Venezuela’s supreme court reverses decision to strip legislature of its powers

President Nicolas Maduro unlikely to pull back from the course of confrontation he has set the country on

 

It seems that Venezuela’s supreme court has had a welcome rush of second thoughts. “What we meant to say ....”, the court seemed to pronounce on Saturday of its extraordinary Wednesday decision to strip the legislature of its powers, was that, of course, it had not done so.

The previous pronouncement was “suppressed”, said chief judge Maikel Moreno. The supreme court should not be in conflict with other branches of government, he stated, apparently newly discovering the principle of the separation of powers “because it is only an arbiter”. The court had also reversed a decision to strip lawmakers of their immunity from prosecution.

On the streets people remain unconvinced about the reversal of what was described at home and internationally as a “coup” by President Nicolas Maduro’s friends on the bench. Marching and protesting against the court’s decision (the original one) continues and the opposition, which controls parliament, protests bitterly at the retention by the president of broad new powers over the OPEC nation’s huge oil wealth. Notable among them is autonomy to sell stakes in financially-crippled Venezuela’s oil fields which contain the world’s largest reserves, or to launch new joint ventures with foreign firms.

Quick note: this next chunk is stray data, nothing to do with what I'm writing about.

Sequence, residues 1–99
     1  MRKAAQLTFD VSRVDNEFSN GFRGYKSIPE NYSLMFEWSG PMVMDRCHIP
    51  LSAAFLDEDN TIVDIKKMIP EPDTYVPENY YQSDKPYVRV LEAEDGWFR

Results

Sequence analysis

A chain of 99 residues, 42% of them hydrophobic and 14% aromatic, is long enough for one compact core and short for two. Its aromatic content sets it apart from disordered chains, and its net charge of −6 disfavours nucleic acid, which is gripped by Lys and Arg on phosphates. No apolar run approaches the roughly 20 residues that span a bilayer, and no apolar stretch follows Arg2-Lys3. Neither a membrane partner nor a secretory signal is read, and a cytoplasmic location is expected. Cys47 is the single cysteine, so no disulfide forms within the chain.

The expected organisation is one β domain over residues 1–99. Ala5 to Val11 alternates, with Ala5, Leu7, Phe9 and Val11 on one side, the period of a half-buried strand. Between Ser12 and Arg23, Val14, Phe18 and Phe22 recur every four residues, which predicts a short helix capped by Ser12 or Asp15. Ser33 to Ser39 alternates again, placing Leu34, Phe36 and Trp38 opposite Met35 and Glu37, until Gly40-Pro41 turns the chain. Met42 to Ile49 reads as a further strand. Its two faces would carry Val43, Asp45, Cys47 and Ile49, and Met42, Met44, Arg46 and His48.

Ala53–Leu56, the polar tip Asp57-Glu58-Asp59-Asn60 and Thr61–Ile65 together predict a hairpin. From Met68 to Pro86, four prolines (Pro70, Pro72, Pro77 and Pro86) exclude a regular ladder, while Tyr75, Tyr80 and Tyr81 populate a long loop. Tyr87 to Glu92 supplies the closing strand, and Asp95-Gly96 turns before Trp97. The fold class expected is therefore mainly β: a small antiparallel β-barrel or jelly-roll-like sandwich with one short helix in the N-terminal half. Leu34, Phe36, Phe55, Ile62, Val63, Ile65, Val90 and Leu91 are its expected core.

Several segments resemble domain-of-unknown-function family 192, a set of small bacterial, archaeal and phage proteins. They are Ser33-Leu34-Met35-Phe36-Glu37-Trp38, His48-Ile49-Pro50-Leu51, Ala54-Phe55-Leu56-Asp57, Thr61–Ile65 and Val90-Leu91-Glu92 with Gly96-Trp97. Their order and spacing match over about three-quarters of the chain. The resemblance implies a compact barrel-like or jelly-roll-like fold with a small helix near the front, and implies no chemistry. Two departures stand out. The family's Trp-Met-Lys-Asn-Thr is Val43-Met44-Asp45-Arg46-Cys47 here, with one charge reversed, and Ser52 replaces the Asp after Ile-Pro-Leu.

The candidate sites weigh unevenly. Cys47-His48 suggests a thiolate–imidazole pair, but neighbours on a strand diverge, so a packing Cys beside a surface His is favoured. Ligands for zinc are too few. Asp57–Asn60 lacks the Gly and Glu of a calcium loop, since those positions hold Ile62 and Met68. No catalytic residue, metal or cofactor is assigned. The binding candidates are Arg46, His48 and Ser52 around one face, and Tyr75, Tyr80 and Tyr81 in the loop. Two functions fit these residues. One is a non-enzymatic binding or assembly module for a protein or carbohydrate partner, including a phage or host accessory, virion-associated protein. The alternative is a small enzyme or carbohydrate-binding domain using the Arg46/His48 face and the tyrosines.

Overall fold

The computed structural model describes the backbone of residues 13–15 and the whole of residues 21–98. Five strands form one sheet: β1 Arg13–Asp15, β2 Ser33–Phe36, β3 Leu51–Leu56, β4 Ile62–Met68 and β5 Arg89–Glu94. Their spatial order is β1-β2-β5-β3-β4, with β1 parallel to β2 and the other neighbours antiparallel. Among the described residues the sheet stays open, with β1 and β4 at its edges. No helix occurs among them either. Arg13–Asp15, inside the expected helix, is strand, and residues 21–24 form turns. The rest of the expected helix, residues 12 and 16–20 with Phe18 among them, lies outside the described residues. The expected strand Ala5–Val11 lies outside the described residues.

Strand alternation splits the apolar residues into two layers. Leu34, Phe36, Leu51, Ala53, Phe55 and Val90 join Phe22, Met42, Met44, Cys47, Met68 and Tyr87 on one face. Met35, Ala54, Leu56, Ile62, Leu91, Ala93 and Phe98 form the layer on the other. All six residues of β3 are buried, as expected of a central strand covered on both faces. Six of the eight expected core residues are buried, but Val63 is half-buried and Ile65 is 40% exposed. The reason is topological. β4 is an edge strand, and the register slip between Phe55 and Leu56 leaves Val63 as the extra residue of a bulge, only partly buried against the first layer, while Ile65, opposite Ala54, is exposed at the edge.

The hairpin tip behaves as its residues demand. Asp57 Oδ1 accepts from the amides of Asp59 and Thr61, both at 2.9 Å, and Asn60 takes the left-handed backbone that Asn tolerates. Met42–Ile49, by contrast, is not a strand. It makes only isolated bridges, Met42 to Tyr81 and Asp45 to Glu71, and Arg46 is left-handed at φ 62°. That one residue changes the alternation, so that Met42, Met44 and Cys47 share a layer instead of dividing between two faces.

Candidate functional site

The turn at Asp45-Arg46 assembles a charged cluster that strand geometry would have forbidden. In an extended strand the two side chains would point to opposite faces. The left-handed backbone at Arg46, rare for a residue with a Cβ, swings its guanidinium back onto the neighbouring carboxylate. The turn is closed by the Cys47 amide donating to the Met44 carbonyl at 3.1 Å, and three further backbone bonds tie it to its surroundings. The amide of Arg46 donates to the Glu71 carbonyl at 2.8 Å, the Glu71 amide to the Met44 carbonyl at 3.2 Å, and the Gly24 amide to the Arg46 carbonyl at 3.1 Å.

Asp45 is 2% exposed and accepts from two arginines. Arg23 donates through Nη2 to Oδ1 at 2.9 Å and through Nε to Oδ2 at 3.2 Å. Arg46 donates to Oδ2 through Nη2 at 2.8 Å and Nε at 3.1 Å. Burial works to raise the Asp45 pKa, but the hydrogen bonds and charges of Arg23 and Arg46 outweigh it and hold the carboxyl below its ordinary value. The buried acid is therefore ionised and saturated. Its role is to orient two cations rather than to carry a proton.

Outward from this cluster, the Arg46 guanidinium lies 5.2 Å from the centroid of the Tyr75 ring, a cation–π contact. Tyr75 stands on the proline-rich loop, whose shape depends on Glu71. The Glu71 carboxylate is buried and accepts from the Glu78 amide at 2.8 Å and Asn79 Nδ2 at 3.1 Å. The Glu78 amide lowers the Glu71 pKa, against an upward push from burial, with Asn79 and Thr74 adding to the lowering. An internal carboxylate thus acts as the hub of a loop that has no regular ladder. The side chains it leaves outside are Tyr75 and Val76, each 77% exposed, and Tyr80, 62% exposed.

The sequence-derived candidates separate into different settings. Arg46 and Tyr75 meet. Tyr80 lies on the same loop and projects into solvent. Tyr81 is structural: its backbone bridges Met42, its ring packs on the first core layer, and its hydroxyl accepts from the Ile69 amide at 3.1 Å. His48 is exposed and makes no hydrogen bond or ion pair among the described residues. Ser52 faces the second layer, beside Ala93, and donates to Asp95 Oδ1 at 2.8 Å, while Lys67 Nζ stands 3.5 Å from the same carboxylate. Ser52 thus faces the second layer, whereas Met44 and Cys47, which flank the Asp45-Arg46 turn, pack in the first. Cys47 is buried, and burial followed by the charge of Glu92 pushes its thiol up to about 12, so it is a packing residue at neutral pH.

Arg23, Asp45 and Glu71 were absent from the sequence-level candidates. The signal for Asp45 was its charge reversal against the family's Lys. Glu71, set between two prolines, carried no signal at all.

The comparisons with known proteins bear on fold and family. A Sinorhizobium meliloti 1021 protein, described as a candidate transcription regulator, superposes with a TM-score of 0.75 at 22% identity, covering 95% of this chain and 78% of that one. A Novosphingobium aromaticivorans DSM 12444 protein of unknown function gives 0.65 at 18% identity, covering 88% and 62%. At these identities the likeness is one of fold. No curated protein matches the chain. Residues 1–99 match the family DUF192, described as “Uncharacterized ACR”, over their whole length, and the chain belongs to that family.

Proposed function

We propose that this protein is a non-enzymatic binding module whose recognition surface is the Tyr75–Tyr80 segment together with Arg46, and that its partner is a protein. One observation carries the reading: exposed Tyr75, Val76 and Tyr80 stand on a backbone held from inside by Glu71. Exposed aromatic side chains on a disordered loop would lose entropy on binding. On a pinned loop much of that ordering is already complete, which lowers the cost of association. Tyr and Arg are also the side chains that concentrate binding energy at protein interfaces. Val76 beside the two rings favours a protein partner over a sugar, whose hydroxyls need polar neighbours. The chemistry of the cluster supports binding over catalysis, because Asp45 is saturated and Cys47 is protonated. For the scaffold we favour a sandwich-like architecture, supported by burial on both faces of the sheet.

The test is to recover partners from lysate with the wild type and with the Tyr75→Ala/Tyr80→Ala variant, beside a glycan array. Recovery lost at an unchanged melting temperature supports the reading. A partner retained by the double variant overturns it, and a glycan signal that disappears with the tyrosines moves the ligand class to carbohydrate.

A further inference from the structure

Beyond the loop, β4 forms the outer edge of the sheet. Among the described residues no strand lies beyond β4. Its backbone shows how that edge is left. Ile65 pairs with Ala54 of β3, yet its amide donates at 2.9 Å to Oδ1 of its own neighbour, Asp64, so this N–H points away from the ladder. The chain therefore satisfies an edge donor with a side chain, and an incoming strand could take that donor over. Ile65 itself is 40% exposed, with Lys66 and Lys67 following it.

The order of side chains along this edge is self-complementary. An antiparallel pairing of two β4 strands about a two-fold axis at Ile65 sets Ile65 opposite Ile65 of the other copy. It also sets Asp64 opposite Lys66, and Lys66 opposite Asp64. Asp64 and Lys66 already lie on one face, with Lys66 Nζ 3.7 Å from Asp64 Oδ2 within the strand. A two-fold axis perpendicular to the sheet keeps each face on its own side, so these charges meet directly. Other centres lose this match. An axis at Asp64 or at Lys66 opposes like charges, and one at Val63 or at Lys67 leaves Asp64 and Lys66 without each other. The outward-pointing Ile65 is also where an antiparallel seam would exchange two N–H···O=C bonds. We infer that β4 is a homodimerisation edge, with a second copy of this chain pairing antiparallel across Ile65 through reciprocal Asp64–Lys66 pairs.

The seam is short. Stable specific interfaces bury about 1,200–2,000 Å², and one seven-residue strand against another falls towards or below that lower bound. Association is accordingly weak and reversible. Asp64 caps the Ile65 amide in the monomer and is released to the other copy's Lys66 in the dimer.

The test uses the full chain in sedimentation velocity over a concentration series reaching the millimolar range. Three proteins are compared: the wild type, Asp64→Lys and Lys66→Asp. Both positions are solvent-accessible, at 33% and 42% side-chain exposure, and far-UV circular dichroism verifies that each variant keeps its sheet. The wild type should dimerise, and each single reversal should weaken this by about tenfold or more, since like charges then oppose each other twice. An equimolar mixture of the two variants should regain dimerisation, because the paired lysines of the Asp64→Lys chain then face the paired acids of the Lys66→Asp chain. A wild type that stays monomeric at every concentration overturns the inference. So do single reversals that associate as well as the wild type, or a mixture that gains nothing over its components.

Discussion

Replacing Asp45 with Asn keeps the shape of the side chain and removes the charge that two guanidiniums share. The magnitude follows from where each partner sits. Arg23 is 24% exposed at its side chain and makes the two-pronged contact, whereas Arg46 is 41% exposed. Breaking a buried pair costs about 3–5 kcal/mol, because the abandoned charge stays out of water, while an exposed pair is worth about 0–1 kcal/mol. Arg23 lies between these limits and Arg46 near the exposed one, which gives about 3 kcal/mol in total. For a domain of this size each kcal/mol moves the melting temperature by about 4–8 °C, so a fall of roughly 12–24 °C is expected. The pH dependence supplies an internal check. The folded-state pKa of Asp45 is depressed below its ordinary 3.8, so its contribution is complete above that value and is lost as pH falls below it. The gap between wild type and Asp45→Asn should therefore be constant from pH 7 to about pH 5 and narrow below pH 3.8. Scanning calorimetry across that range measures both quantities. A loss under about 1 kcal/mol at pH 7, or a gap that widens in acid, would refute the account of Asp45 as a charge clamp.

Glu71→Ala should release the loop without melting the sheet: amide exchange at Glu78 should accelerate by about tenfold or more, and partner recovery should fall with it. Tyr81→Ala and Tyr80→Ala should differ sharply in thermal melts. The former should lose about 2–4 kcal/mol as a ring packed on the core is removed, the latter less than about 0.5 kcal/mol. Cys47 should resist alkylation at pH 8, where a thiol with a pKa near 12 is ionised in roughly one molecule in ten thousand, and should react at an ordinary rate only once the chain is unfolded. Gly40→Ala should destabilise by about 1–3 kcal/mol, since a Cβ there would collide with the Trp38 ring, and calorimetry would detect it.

Years of economic mismanagement have left many Venezuelans facing shortages of food and basic medicines, setting off widespread protests.

Maduro’s predecessor, the late Hugo Chavez, had controversially nationalised those very oil fields, using their wealth to fund welfare and education programmes. But the dramatic fall in oil prices has plunged the economy and the increasingly autocratic regime into crisis. Years of economic mismanagement have left many Venezuelans facing shortages of food and basic medicines, setting off widespread protests.

Julio Borges: The president of the National Assembly has called on the army to stop the government and supreme court, which he charges have “kidnapped Venezuela’s freedom”. Photograph: Carlos Garcia Rawlins/Reuters
The president of Venezuela's National Assembly Julio Borges had called on the army to stop the government and supreme court, which he charged had “kidnapped Venezuela’s freedom”. It now seems that Venezuela’s supreme court has since had a welcome rush of second thoughts.  Photograph: Carlos Garcia Rawlins/Reuters

Even within the administration, Maduro’s latest apparent lurch towards one-man rule has prompted outrage. Attorney general Luisa Ortega, a longstanding supporter of the president and of Chavez, complained at what she called the court’s “rupture in the constitutional order”. However, it is doubtful whether Maduro or his party are capable of pulling back from the course of confrontation they have set the country on.

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